PBS needs to roll back the age appeal of its programming.
In 1970, radio and television comedian Red Skelton was taken off the air by CBS because his audience was getting too old and younger viewers weren’t watching. That still happens today in the television programming biz, where the younger viewer is far more valued than the older ones.
But that is not the case with public broadcasting. Public Broadcasting Service television stations go hard after the elderly, especially during their pledge drives. Last month, local station KERA even trotted out “The Best of Red Skelton” to get the phones ringing. I don’t know the average age of the Red Skelton fan, but a conservative estimate would put it above 80.
KERA now does four pledge drives a year, meaning that for eight weeks out of 52, shows that viewers have come to expect are temporarily replaced with “special” programs. And for most of the regular viewers under 60, that means clicking to another channel.
What KERA aired last month is fairly typical of recent pledge drive programming. Some of them are like self-help infomercials for the aged. Dr. Daniel Amen tells you how to prevent Alzheimer’s disease by using a special brain scan. Dr. Mark Hymen instructs folks on how to keep their brain sharper as they age. Suze Orman details money management for widows. There was even a program that taught yoga to people in their 70s.
Bill Young, KERA’s vice president in charge of programming, admits that “the pledge drive programming does skew a little toward older viewers, but there is a fair amount for younger viewers as well.”
So what did the younger viewers get? Concerts by Paul Simon and Bruce Springsteen, which I would contend are for the middle-agers. Similar demos for an Otis Redding concert from 1967, and ’60s folkies Peter, Paul and Mary.
In effect, the national PBS programming people keep recycling older programs that have been the most successful in bringing in the bucks. Hence, you get a doo-wop music special that was shot in Pittsburgh in 2002 and is still seen around the country four times a year. “In the Still of the Night” by The Five Satins is certainly a nice song, but more than 50 years old. Red Skelton might have liked that number.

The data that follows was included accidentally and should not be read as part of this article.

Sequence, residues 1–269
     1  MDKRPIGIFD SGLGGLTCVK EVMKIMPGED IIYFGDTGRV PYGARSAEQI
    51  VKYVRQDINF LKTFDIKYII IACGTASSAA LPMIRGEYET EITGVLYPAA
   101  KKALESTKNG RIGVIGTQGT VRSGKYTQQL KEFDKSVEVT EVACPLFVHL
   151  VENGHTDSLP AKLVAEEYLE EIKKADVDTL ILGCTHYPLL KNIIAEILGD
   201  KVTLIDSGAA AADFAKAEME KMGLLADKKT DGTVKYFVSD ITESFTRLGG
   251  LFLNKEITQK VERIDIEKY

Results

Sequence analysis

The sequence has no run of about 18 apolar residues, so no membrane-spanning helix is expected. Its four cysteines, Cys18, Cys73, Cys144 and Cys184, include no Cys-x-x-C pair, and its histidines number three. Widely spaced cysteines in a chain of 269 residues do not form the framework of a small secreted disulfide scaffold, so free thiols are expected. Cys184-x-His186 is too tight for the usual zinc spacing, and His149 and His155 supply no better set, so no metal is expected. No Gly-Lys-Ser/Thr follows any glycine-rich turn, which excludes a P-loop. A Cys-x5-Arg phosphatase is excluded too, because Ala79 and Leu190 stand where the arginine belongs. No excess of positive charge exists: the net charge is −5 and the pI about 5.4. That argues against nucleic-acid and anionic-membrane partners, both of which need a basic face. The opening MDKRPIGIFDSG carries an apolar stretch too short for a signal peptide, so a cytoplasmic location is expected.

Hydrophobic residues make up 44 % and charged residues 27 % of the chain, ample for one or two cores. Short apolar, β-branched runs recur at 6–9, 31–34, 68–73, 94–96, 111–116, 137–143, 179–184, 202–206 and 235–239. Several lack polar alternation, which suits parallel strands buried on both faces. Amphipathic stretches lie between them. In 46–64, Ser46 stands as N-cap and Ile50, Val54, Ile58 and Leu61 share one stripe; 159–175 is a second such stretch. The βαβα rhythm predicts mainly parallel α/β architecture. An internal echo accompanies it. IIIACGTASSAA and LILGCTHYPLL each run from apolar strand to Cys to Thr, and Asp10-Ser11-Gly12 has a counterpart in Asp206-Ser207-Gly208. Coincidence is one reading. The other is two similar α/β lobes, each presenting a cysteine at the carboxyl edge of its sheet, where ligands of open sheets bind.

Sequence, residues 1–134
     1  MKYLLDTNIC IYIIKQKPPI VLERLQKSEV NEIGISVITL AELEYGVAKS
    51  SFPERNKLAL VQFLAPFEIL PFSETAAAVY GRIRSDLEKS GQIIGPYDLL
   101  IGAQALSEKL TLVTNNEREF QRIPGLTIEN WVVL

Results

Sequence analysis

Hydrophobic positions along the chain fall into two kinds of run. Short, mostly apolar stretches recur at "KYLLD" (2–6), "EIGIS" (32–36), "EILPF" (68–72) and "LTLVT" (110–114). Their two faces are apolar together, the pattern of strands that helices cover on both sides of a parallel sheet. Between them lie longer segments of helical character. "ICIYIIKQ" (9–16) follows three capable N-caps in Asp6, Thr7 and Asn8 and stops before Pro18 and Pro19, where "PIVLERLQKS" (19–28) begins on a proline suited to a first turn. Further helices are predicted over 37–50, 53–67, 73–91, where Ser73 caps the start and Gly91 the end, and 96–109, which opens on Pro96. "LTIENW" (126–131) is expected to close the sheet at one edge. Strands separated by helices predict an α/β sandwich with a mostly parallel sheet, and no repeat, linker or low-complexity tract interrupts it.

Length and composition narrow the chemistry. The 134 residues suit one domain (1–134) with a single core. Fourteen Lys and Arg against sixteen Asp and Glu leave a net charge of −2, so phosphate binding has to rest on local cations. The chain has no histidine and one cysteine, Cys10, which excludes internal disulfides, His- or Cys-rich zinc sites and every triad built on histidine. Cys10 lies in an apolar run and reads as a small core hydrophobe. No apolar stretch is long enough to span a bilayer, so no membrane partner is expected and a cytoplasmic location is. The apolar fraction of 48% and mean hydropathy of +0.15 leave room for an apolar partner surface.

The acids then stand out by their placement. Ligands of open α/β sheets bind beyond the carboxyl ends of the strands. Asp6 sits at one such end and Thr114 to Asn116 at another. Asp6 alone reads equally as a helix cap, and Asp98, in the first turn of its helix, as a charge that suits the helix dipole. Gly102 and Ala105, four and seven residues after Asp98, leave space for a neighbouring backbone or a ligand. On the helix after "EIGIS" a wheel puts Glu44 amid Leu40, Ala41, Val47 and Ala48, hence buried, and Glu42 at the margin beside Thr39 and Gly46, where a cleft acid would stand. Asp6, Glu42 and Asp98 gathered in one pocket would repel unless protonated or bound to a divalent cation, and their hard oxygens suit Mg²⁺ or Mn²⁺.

KERA aired 26 specialty programs during its March pledge drive. Why not incorporate the popular programs like Antiques Roadshow and the investigative Independent Lens and American Masters profiles into pledge events? Young said that has been tried some in the past, “but historically those programs do not generate a lot of money.”
One result has been that the programming leans heavily on the self-help gurus who are pushing their products and giving KERA a cut via the pledges. It used to be you got a coffee mug or a tote bag if you joined, but now, for a pledge of maybe a couple of hundred dollars, you get a book on how to manage your retirement funds.
In part, this is just the way public broadcasting stations have always done things. Before the advent of cable television and the internet, public television represented an important alternative for viewers. Because it provided news and cultural programming, commercial-free, that was not found on for-profit stations, KERA could argue that “viewers like you” should support the programming directly, through donations.
But that is not the case any more. Public television is no longer the only place you can go to see cooking shows or history programs or even thorough investigative pieces. The pledge programming process is no longer about lauding “experimental” programming or the “originality” the shows provide. It is more about keeping those aging viewers and their money, the people who have been with them since TV was a four-channel universe.
Like many mainstream media institutions, public television has not come to grips with the changing media landscape. Many people in their 20s and 30s don’t read daily newspapers or watch KERA, partly because little is offered that interests them. So the newspapers and public stations are stuck with this older audience, which gets smaller as the years go by, since there is no one to replace them in the pipeline.
About 15 years ago, when I wrote a story on the state of PBS for a national magazine, one of the head honchos in Washington told me, “We have the kids watching us until they are about five or six,” he said, “then we lose them for a long time and get them back when they are in their 40s.”
Maybe we should adjust that number. Viewers now probably return in their 50s. And the average is surely about 10 years older than that during the eight weeks of pledge drives each year.